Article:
Dried biomass of certain fungi is consumed as a protein source in human food and animal feed. Such fungal biomass is termed fungal protein or mycoprotein. A few yeasts and moulds are being consumed as SCPs. Fungi grow rapidly on a wide variety of cheap raw materials. They have lesser amount of nucleic acids than the bacterial SCPs. The digestibility and acceptability of fungal protein in human intestine is high. Therefore, dried fungal biomass is consumed as a SCP.
For the time, yeast biomass was consumed as a supplement to human food by Germans during the World War. Germans mass cultured baker's yeast (Saccharomyces cerevisae ) on cane molasses and consumed when there had been a shortage for convenitional foods.
Now many yeasts are consumed as SCPs. Example- Saccharomyces fragilis, Candida utilis, Candida lipolytica, Rodotorula glutinis, Torulopsis, etc. About 0.4 million tones of yeasts has been manufactured in the world per year .
Yeasts can be grown in a wide variety of wastes by fed batch fermentation. Saccharomyces cerevisae prefers molasses and bears. Candida utilis prefers starchy wastes. Saccharomyces fragilis prefers milk whey. Rhodotorula glutinis prefers domestic sewage. Candida lipolytica prefers hydrocarbons.
To a proper waste, in organic minerals such as nitrogen, potassium, phosphorous, iron, magnesium and sulphur are added and then diluted with water. The pH is adjusted to 3.5-4.5. Medium formulated in this way is stream sterilized before use.
The sterilized medium is filled in a fermenter and a small volume of pure culture of yeast is inoculated into the medium. The temperature is maintained between 30Â°C and 40Â°C. Sterile air is pumped into the fermenter at suitable intervals for providing enough aeration to the culture and to mix the broth well.
When the culture gets reached 2 g cells/ml, the broth is harvested. An equal amount of sterile medium is pumped into the fermenter for continuous operation.
Harvested broth is diluted with a small amount of water and left undisturbed for a few hours. During this time, yeast cells settle down in the broth. The liquid portion is decanted from the vessel to get a concentrated cell suspension.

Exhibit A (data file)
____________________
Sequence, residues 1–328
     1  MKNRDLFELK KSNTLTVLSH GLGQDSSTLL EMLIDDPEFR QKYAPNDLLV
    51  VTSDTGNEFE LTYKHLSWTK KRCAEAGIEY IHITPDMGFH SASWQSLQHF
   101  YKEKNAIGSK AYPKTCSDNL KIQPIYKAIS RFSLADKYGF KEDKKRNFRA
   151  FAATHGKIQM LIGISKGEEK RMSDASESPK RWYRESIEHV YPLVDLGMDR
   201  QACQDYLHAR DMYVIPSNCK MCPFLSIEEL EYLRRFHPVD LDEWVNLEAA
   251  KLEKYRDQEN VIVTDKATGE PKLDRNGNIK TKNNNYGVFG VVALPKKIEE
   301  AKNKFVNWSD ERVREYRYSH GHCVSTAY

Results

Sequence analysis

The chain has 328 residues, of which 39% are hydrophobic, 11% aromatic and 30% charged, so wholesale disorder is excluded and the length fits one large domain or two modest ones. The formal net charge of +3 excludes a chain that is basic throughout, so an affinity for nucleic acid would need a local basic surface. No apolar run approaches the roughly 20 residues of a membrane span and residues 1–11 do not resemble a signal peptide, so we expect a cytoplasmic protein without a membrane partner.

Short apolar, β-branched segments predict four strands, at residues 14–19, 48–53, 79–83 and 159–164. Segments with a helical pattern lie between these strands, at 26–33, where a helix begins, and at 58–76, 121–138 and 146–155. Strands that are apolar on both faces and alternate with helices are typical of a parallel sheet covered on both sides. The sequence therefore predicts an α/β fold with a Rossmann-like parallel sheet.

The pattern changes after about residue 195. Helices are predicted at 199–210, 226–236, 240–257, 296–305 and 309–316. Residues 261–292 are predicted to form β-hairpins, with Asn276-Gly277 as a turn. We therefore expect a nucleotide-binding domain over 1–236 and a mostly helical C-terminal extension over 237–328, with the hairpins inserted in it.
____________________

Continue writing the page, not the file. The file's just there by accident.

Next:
The cell suspension is then centrifuged to remove the excess of water. Then it is filtered through a rotary vacuum filter to obtain a concentrated yeast biomass on the filter.
The biomass is dried in the sunlight until its water content gets reduced to 6-10%.
The dried yeast biomass is packed in aluminium lined bags for marketing.
Yeast biomass is a rich source of protein, vitamins and minerals. So it has been consumed as a protein supplement in human food and animal feed.
A sweet protein called thaumatin is extracted from the fresh biomass of genetically engineered yeast. It is being used as a substitute for sugar based sweetners for diabetics.
Thaumatin is a great protein found in the fruit of a West African plant, Thaumatococcus daneilli. It is 5000 times sweeter than 4% sucrose. A DNA coding for thaumatin of T.danielli was introduced into the yeast Saccharomyces cerevisae. The genetically manipulated yeast accumulates thaumatin in the cells. Thaumatin is now manufactured from the yeast. In Japan, it is released in the market in the name Talin. It is used as a substitute for sugar-based sweetners for diabetics.
Some mould fungi are easily digestible and acceptable by human system. Their flavor and taste are as good as mushrooms. They have no toxic substance. They are rich in protein. They are therefore consumed as SCPs.
Examples- Aspergillus niger, Aspergillus fumigates, Trichoderma viridae, Trichoderma recsei, Penicillium cyclopium, Paecilomyces varioti etc.
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